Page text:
Traffic calming mannequins removed from Coupar Angus fatal collision road
Two unofficial traffic calming mannequins placed close to where a toddler died after being hit by a car have been removed by council officials.
The dummies were metres from where Harlow Edwards was knocked down and killed in Coupar Angus last October.
Residents said the mannequins caused motorists to slow down, but drivers were now breaking the 30mph speed limit following their removal.
Perth and Kinross Council said any "unauthorised signage" was illegal.
Two-year-old Harlow was killed and her six-year-old brother and 17-year-old sister were seriously injured after being struck on the A94 Forfar Road at Larghan Park.
Jimmy Harris installed the mannequins with another local resident last week.
He said: "How can they say a safety measure like that is distracting when it was actually having an impact on reducing the speed of the cars?
"There are signs up and down the street, business signs.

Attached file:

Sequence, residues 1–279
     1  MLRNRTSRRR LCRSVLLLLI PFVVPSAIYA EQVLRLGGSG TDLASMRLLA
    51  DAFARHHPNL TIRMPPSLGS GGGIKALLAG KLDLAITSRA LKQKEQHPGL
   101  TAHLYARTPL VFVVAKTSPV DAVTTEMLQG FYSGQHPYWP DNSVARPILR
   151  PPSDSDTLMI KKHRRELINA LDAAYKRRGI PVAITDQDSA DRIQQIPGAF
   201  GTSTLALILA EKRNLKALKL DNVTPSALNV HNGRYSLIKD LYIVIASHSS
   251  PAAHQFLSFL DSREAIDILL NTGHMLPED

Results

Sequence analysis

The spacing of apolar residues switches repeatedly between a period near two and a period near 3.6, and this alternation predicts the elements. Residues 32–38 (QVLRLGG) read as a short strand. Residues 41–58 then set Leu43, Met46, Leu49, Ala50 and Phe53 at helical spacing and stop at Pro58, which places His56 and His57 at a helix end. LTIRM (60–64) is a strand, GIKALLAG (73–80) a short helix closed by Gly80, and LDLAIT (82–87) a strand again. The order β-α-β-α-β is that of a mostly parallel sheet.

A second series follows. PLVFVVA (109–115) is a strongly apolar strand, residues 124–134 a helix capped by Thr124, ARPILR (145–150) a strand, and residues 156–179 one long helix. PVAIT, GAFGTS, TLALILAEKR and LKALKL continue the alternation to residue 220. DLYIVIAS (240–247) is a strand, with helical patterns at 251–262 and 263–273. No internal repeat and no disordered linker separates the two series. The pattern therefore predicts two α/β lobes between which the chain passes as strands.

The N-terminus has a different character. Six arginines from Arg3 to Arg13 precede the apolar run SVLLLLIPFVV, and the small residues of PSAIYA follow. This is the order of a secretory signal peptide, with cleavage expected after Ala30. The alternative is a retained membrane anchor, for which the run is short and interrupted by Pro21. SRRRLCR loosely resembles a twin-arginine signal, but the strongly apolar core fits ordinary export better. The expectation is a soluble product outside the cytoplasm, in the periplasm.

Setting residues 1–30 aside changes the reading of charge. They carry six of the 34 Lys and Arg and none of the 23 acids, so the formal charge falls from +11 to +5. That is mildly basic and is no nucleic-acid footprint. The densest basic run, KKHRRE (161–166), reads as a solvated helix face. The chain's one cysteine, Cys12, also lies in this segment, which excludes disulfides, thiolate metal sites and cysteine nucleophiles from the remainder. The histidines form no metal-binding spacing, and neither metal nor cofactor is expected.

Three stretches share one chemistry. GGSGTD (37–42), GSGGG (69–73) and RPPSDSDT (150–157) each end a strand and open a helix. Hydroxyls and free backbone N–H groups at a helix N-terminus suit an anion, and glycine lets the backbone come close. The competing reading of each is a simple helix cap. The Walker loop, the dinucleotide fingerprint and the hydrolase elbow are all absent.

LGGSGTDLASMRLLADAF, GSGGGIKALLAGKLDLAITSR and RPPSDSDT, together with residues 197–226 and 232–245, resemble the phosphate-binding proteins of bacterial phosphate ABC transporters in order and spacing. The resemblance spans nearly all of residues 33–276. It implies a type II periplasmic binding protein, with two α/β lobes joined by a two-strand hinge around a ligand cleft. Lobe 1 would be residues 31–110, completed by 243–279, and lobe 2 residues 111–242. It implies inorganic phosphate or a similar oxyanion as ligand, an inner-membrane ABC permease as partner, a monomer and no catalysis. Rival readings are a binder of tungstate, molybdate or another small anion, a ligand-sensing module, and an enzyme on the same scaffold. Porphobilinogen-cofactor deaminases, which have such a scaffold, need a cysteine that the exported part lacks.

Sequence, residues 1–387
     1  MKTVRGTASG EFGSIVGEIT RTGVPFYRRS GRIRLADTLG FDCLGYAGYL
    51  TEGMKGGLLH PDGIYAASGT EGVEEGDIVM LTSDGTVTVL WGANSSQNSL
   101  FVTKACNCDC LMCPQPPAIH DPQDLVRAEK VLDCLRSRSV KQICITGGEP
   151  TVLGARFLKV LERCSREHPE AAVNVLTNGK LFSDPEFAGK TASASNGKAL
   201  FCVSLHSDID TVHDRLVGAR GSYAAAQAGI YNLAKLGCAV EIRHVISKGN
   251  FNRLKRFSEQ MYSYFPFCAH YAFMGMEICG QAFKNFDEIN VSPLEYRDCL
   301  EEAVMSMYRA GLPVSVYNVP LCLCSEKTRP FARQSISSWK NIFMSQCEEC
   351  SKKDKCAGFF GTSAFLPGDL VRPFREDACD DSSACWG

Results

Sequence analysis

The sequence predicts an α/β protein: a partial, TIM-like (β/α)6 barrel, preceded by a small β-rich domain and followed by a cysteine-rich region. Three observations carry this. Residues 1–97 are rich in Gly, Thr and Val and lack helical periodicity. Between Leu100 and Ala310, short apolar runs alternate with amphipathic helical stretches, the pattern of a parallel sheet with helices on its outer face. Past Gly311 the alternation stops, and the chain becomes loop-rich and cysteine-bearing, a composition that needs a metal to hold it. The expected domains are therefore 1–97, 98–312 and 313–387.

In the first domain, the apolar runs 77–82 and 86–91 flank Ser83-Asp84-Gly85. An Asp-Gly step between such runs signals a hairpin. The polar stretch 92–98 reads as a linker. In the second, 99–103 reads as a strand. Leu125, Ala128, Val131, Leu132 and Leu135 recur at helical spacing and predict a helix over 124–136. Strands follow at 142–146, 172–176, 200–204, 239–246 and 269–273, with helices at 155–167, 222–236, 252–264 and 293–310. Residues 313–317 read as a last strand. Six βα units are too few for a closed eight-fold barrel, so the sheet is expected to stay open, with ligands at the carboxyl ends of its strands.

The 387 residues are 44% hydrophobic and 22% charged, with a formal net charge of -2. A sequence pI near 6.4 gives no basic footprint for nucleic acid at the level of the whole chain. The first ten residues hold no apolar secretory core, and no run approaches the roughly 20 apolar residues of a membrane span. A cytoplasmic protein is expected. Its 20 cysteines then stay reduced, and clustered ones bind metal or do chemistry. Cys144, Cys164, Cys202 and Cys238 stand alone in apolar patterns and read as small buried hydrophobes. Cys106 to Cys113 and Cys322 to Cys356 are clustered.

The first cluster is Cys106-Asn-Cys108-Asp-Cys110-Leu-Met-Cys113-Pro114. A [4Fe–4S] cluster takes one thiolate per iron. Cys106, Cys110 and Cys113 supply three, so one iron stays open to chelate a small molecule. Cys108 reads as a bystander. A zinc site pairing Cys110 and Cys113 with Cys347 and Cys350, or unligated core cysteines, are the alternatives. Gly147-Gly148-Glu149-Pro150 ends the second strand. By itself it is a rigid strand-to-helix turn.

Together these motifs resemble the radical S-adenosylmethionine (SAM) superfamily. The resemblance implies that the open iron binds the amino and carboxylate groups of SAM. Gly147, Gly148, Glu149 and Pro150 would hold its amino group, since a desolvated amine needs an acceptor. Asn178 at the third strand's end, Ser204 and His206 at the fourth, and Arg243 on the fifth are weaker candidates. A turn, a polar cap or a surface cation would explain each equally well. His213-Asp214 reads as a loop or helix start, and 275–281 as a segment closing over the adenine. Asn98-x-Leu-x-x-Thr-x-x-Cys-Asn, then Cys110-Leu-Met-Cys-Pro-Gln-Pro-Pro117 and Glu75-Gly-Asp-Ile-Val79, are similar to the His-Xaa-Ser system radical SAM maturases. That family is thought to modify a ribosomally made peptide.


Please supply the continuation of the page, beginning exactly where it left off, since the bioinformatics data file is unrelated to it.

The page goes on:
"They've put a big metal horse up in Coupar Angus and that's distracting."
Mr Harris said vehicles regularly drove at speeds of up to 60mph on the road.
He said: "After the accident they slowed down a wee bit but now they're picking up speed again."
Local resident Blair MacDonald said: "They were so effective, it was unbelievable.
"I can't get my head round why they would want to take down something that was actually having an impact.
"It is just crazy, the speeds you see people going up and down that road."
Perth & Kinross Council said it was consulting local elected members and community councils in relation to traffic calming measures.
Councillor John Kellas, enterprise & infrastructure convener, said the first part of the changes, involving an extension of the school-time 20mph limit on Forfar Road and an extension of the 30mph on Coupar Angus Road, would go before councillors on 8 March.
He said: "The council is aware that individuals have placed additional material at the side of the road to discourage speeding.
"Although the council appreciates that this has been done with the best of intentions, it is illegal for any unauthorised signage to be erected at the side of the road as they may distract drivers and could jeopardise any enforcement action taken by Police Scotland."